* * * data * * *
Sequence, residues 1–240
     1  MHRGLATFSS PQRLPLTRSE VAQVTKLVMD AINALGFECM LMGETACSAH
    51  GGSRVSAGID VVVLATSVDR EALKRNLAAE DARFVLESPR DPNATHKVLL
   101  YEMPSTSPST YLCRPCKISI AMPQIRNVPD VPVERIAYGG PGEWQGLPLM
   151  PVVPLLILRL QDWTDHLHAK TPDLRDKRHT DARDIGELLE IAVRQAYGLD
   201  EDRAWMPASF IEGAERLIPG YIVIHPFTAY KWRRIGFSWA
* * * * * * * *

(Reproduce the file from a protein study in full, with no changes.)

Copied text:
Sequence, residues 1–240
     1  MHRGLATFSS PQRLPLTRSE VAQVTKLVMD AINALGFECM LMGETACSAH
    51  GGSRVSAGID VVVLATSVDR EALKRNLAAE DARFVLESPR DPNATHKVLL
   101  YEMPSTSPST YLCRPCKISI AMPQIRNVPD VPVERIAYGG PGEWQGLPLM
   151  PVVPLLILRL QDWTDHLHAK TPDLRDKRHT DARDIGELLE IAVRQAYGLD
   201  EDRAWMPASF IEGAERLIPG YIVIHPFTAY KWRRIGFSWA